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High fibre diet

Concrete RailwaysPushing fibre reinforced concrete design to its limit is risky, especially under the pressure of a railway possession, discovers Ruby Kitching.

While most of Britain was tucking into its Christmas turkey, a team of engineers in Clerkenwell, central London, were working round the clock to replace 260m of rail track and slab.

The job to upgrade a 1980s reinforced concrete trackslab with a new crossover alignment was carried out during an 11 day possession on the busy Thameslink commuter line, which runs north-south across the capital. Designed by consultant Mott Macdonald and constructed by Balfour Beatty, it is needed in advance of a six-month blockade, starting in September, for construction of the Channel Tunnel Rail Link (CTRL): on its way from Kent into London's St Pancras station, CTRL will cross Thameslink.

Thameslink trains usually run straight though King's Cross station, but during the blockade they will be forced to turn around either side of the CTRL works.

This will be at St Pancras station to the north, and the Thameslink station in Clerkenwell to the south.

Turning trains back at St Pancras is relatively straightforward, but on the southern side there is a narrow tunnel with a reinforced concrete track bed.

'The Thameslink tunnels are too small by current standards so we were right on the limit for the tunnel envelope, ' says Balfour Beatty project director Paul Holland. To maintain sufficient clearance for trains, the slab thickness would have to be reduced to between 80mm and 150mm thick, taking concrete slab design to its limit.

Only fibre reinforced concrete was able to meet the requirement for a high strength shallow slab, and even then it would be on the boundary of normal application. A massive 50kg of Dramix steel fibre reinforcement was required in every cubic metre of concrete to achieve the required 4.5N/mm 2flexural strength. The slab design was based on Eurocode 2 and designed with 0.75mm diameter and 60mm long fibres to fibre manufacturer Bekaert's guidelines.

Mott tested flexural strength in accordance with the Japanese JSCE SF4 code, which takes railway traffic into account.

Such high concentrations of fibre reinforcement raised serious doubts about workability of the mix, however.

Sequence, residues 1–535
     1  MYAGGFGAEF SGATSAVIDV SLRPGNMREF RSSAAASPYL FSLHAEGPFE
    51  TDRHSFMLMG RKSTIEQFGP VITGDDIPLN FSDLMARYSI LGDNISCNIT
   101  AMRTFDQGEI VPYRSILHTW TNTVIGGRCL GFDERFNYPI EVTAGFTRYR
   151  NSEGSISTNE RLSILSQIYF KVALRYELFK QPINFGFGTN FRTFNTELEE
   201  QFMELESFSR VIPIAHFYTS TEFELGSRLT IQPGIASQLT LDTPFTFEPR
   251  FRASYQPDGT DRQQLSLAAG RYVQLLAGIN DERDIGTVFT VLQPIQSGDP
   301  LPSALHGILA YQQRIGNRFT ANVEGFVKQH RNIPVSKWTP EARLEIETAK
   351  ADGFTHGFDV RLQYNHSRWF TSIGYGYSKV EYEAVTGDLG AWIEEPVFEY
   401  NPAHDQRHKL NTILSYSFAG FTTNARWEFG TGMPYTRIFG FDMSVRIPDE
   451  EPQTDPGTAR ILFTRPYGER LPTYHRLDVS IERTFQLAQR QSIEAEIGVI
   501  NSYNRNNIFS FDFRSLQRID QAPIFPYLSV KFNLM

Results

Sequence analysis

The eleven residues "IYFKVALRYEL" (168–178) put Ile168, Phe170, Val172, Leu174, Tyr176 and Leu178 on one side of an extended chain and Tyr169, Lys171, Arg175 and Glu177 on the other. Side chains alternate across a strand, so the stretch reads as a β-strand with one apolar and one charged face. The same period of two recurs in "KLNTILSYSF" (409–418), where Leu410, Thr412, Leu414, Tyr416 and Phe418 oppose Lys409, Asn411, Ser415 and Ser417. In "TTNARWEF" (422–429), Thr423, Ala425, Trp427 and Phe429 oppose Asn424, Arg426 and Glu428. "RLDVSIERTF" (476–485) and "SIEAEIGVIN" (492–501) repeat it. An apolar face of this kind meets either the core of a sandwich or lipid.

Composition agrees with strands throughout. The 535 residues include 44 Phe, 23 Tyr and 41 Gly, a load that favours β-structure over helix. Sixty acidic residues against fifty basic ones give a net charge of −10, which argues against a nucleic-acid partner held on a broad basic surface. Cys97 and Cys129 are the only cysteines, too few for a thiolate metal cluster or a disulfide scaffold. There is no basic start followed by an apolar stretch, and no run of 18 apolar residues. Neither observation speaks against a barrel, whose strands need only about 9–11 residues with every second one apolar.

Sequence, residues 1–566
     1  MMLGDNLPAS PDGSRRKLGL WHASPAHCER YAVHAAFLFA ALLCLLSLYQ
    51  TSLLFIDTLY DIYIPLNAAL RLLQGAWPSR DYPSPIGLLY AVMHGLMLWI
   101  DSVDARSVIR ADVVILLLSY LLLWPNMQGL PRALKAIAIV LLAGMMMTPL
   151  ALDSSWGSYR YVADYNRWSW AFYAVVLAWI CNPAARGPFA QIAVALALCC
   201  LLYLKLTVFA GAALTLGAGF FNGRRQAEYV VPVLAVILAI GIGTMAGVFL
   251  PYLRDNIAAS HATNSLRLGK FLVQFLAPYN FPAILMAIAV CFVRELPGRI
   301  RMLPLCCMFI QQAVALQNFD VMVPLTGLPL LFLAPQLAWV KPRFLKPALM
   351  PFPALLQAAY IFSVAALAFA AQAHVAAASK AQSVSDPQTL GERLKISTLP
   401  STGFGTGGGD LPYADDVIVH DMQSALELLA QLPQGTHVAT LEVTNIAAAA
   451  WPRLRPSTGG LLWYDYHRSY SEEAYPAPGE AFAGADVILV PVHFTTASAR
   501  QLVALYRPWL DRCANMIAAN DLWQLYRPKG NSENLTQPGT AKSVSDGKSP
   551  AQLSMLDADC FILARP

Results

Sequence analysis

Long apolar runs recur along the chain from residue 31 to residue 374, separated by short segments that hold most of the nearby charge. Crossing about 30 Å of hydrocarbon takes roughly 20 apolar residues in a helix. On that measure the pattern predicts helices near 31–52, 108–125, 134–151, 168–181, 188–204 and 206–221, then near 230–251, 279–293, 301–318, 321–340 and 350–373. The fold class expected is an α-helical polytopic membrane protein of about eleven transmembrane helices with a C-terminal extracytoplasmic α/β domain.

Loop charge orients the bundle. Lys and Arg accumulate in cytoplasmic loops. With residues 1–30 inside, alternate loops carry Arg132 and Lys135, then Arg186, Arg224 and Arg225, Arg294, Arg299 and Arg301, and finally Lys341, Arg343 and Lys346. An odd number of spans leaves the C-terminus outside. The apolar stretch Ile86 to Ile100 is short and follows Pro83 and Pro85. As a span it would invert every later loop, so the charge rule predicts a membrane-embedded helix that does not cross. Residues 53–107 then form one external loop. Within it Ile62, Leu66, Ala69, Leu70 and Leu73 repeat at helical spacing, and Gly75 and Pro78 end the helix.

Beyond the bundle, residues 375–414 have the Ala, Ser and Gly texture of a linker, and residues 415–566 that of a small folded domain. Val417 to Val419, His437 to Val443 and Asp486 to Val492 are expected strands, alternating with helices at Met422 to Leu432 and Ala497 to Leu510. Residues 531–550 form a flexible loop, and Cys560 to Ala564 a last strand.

And achieving a 50N/mm 228day compressive strength within the 11 day possession was an additional, major challenge.

Polypropylene fibres were added to the mix to help hold the concrete together and to prevent early age thermal cracking. Admixtures were also used to reduce shrinking since the slab would be placed in one continuous pour.

Extensive tests were carried out on various concrete mixes at Bekaert's headquarters in Belgium and at Greenwich University, while the months preceding the blockade were filled with testing and trialling the concrete mix to ensure it met strength and pumping requirements. Two 70m long trial slabs were poured.

'We were beyond the normal working boundary of fibre reinforcement. There was no one in the country with experience of achieving the strengths we needed with such a thin slab and such big fibres, ' says Mott project manager James Howe.

'Because the work was being carried out in an 11-day blockade, we had to make sure everything would work first time. There was no room for mistakes, ' adds Holland.

There were fears that plummeting winter temperatures could retard concrete cure times.

Accordingly the entire length of track slab was covered, insulated and heated using fans to ensure the temperature did not drop below 10infinityC. This ensured the concrete achieved 6N/mm 2compressive strength within 24 hours, allowing construction traffic to pass over.

On 6 January, a day after the possession came to an end, the slab was ready to take trains packed with commuters.

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